Muscle Contraction
One of my favorite tricks for inducing inner-awareness is to have people lay on their back and contract the muscles of one thigh progressively harder and harder until their muscles are as hard as rocks. Do your best to only contract one thigh and not let the rest of your body tighten up. Then, after holding a maximum contraction for 3-5 seconds, suddenly let it go and follow alone as the energy released from the electrical activity of the muscle flows to different regions of your body. Try doing this until you’ve contacted and relaxed every major muscle grouping in your body and soon enough, you’ll find yourself lying there between contractions for what may only be a minute or two though that short time now suddenly feels like a little eternity. It’s almost as though you’ve lost consciousness or fallen asleep, but you haven’t. That’s meditation.

I invite you to give these simple exercises a try. After a few weeks of putting them to use I guarantee you’ll feel more relaxed and well on your way to developing a full meditative practice. Enjoy!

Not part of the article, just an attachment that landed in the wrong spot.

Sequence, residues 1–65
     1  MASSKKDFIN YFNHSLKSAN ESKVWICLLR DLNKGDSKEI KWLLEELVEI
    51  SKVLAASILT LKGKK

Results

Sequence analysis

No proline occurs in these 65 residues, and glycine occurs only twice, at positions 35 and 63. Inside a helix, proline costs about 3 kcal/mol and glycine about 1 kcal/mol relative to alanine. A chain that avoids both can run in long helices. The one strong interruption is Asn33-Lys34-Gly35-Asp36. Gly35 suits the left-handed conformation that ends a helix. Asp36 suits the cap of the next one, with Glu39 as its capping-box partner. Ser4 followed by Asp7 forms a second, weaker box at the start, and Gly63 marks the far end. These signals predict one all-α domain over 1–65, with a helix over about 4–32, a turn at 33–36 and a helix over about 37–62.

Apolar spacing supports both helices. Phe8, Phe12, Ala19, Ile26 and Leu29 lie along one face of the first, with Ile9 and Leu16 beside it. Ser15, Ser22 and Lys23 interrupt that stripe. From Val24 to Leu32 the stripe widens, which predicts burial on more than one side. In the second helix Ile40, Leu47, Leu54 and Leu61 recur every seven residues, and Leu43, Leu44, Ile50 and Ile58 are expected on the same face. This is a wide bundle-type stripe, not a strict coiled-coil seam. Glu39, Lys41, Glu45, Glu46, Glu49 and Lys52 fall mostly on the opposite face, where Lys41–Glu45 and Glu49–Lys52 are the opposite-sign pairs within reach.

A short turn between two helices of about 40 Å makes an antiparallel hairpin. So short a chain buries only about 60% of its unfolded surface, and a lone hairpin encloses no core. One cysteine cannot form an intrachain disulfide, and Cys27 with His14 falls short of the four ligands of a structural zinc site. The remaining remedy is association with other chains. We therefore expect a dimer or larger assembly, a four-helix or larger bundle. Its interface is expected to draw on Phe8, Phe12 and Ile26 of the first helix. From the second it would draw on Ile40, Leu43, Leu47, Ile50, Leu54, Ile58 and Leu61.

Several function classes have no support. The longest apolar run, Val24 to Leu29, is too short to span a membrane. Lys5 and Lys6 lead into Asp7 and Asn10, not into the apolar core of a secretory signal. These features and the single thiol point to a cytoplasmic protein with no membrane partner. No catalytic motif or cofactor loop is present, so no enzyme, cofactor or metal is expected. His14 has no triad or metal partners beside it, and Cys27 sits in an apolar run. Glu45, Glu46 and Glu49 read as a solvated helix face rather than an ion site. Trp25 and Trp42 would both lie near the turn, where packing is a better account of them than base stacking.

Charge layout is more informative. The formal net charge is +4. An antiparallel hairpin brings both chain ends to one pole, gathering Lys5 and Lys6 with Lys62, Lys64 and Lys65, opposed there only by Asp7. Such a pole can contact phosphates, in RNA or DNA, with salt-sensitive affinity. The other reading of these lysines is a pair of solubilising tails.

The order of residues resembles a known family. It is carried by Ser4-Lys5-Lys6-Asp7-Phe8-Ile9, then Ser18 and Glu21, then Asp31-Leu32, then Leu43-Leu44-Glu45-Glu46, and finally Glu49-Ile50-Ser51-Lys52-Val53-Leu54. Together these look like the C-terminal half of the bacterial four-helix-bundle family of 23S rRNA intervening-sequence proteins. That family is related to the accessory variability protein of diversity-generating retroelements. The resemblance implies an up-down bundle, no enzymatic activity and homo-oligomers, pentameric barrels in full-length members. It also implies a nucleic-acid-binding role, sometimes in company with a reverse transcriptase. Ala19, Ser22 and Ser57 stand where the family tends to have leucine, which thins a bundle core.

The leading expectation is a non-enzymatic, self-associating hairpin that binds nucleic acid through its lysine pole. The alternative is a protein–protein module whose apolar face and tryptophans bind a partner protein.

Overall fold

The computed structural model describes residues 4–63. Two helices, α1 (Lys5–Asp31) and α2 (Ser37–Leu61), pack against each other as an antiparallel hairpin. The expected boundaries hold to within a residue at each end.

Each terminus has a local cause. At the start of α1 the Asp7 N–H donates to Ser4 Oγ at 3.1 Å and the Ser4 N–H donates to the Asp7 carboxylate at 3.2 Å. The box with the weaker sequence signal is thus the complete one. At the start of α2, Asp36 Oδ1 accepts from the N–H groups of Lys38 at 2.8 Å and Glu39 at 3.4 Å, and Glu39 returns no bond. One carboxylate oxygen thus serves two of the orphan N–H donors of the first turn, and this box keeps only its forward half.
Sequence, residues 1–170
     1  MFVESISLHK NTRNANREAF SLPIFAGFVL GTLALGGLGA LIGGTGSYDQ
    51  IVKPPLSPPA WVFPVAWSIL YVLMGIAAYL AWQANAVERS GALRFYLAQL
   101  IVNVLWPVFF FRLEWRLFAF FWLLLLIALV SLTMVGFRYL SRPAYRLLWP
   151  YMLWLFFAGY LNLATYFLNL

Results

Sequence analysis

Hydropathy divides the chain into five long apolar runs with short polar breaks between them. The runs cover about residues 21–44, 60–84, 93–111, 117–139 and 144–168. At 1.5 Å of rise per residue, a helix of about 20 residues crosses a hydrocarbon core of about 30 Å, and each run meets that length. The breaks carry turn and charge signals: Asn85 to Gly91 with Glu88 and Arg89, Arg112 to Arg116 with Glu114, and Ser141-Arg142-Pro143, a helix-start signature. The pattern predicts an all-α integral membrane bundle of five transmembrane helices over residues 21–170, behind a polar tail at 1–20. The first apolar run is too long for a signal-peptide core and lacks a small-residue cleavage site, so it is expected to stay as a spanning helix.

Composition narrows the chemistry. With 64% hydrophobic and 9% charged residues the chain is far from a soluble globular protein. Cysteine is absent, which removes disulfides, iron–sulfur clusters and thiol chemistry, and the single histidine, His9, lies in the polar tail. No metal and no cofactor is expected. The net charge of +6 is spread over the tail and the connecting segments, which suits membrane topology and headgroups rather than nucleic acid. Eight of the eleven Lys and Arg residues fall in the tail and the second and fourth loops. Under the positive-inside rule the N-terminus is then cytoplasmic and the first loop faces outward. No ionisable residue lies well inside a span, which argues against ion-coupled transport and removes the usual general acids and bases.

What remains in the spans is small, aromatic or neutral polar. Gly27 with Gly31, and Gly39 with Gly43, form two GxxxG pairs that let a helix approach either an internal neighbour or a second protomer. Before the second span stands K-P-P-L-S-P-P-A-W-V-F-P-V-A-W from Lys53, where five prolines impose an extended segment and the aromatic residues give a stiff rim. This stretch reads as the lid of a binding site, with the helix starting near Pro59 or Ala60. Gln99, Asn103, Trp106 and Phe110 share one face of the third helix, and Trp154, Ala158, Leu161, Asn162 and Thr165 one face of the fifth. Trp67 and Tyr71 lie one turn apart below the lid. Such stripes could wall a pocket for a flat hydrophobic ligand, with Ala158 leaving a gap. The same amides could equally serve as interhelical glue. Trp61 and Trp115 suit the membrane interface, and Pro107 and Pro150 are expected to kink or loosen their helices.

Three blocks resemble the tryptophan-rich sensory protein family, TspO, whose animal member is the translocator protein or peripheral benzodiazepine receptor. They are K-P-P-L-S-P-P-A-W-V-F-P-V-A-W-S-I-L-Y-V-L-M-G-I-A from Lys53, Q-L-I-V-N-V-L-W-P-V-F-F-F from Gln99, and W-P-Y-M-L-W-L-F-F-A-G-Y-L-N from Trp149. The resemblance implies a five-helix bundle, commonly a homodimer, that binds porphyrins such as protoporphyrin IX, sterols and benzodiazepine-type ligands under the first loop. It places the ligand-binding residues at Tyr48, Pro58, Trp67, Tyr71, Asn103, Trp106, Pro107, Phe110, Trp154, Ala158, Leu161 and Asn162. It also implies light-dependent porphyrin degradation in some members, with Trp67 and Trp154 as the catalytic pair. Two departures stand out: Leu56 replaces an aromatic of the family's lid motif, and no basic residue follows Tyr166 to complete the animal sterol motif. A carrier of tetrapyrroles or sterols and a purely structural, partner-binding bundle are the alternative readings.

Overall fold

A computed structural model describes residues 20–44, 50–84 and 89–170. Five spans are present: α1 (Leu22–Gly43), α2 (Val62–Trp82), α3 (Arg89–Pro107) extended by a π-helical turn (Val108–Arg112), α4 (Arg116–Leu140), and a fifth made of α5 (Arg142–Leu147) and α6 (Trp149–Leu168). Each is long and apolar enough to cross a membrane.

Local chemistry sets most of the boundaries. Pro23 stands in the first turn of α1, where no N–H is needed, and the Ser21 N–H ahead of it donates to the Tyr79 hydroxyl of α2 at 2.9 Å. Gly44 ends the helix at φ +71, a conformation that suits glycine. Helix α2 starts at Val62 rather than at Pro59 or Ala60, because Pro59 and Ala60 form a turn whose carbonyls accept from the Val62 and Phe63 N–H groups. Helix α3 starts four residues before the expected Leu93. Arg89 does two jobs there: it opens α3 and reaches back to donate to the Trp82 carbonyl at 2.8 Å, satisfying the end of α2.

Author's Bio: 

Paul Chek is an internationally renowned expert in the fields of holistic health and personal, professional and spiritual mastery systems. For over twenty-five years, Paul’s unique, holistic approach to treatment and education has changed the lives of countless individuals worldwide. As a walking, talking definition of success, Paul is above all an educator: teaching and applying his methods to benefit others. He has produced more than 50 videos, 6 books, 2 e-books, and 16 advanced-level home study courses while regularly contributing to many diverse publications and web sites. Paul is the founder of the C.H.E.K Institute and the P~P~S Success Mastery Center, in San Diego, California, USA.

Once you've become comfortable with these awareness exercises, learn to make your whole life a meditation with Paul's TAO-TE-zen program. Visit the PPS Success Mastery Website today to find out more about his weekly spiritual development program.